If you haven’t gotten around to your spring cleaning yet, don’t worry—we’re not here to judge. What we are here to do is offer a gentle reminder to keep fire protection in mind when you’re cleaning, organizing, and preparing for the warmer months.

We talk a lot about fire safety during the fall and winter, which makes sense given all the indoor and outdoor fires, deep-fried turkeys, space heaters, and holiday lights that tend to show up when it’s cold. But now that it’s (mercifully) warming up, there are still plenty of ways to incorporate fire protection into your spring cleaning routine. Here are a few areas to keep an eye on, recommended by us and the National Fire Protection Association (NFPA).

Smoke alarms

First and foremost, check your smoke alarms. It’s a task that can easily go forgotten for months, but how convenient that you should change your battery once a year and spring cleaning comes around once a year. Put it on your list of chores for the big clean to ensure that it happens every 12 months. According to the NFPA, a functioning smoke alarm in your home cuts your risk of dying in a house fire by 50 percent.

Electrical cords

The NFPA reports that an annual average of nearly 48,000 electrical fires occurred in U.S. homes between 2007 and 2011. So while you’re rooting around your living room or home office making piles of things to pitch and donate, go ahead and organize those unwieldy cords and power strips. Make sure to replace any electrical cords that are damaged or loose, and try to avoid running any cords under carpets or across doorways where they’re more likely to get damaged.


The leading cause of fires caused by home clothes dryers is a failure to clean them. So as tempting as it may be to think, “It’s fine until next time”, as you’re throwing in a load of towels, go ahead and scrape that lint out. And make sure to check the drum for extra lint or any items that may have fallen out of pockets, and keep the area around the dryer free from anything flammable like cardboard boxes and cleaning products.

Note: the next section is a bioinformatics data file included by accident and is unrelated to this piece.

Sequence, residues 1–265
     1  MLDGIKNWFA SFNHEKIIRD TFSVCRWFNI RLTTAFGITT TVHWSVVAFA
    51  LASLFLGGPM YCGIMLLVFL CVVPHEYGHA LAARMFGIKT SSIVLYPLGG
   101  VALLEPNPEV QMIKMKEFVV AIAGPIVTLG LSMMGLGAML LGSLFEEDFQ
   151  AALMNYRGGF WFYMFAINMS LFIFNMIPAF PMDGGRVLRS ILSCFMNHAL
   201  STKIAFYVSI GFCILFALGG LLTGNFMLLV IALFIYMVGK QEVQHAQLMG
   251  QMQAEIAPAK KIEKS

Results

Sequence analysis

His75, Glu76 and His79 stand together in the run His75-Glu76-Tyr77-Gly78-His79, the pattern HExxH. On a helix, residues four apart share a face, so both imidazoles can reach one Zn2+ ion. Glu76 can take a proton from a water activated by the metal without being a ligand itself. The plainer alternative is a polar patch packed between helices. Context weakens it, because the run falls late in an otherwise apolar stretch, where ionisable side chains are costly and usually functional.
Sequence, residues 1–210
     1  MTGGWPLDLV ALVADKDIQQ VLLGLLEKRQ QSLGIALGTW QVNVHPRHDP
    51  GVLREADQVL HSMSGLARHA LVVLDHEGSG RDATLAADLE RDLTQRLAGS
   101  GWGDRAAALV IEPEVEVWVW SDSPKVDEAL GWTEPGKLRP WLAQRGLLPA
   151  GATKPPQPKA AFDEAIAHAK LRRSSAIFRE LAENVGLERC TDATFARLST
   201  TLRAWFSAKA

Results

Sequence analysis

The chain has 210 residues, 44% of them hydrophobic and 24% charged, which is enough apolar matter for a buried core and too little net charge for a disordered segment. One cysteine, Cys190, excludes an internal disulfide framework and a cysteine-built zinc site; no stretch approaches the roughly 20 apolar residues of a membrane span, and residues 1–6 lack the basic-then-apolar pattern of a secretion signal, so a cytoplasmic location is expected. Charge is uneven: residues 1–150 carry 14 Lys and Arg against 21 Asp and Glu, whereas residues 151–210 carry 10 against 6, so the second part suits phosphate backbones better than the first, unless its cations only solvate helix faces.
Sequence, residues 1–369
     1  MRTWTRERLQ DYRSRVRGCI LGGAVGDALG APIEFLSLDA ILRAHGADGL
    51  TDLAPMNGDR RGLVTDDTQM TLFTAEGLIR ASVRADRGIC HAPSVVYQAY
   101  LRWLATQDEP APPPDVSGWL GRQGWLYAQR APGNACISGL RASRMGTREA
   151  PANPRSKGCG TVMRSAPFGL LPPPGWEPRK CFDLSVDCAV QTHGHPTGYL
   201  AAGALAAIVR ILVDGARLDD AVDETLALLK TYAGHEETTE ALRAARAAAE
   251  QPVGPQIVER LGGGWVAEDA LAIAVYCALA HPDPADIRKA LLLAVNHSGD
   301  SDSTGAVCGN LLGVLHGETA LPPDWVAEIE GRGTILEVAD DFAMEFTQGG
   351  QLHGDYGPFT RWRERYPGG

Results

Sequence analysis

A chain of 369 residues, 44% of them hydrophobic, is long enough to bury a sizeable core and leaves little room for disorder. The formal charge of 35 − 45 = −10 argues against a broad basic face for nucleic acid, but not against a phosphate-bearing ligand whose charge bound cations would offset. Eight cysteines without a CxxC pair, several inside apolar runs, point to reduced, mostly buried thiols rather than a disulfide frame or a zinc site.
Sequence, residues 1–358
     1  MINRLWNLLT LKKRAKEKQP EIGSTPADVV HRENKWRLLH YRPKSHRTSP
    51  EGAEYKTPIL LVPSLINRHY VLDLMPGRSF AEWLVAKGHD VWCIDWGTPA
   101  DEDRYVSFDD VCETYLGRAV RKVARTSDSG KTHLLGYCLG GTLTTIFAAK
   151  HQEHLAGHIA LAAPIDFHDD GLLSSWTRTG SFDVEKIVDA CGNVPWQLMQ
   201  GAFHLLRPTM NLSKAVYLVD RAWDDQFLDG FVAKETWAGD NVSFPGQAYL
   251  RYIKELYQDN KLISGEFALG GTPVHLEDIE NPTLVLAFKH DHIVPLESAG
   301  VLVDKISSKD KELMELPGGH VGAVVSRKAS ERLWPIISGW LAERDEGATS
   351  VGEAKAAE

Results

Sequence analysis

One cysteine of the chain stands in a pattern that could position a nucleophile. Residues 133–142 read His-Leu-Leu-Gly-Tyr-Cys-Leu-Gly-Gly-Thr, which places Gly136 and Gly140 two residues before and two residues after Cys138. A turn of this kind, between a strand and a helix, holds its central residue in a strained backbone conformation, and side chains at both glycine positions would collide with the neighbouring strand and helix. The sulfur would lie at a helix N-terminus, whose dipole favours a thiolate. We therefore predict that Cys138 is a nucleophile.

Nothing says spring and summer quite like grilling out. We couldn’t agree more. But let’s not forget that grilling inherently involves fire, so there are a few things to keep in mind. Before you even turn the grill on, check the propane tank, hose and all connection points to make sure it’s not prone to any leaks. Once the grill is on, turn off the tank and burners immediately if you smell gas. If you’re using a charcoal grill, make sure you’re using charcoal starter fluid, not any other flammable liquids. And once you’re finished, let all the coals cool completely before dumping them in a metal container.

Stored fluids

How often do any of us actually organize the cabinets under our sinks, or the black holes of our outdoor storage buildings? If you’re already cleaning the rest of the house, though, might as well put that out-of-sight-out-of-mind space on your list. Make sure cleaning supplies and things like gasoline tanks are stored in a cool, dry place, out of reach of children and pets and far from electrical cords or any other heat-producing apparatus.

Escape plan

While you’re at it, go ahead and make spring the time of year when you and your family or roommates go over your escape plan in case of fire. Ensure that everyone knows what to do and where to go in case of a fire, and especially if there are children in the house, do a couple practice run-throughs of the escape plan.

We hope that you find these spring cleaning fire safety tips helpful!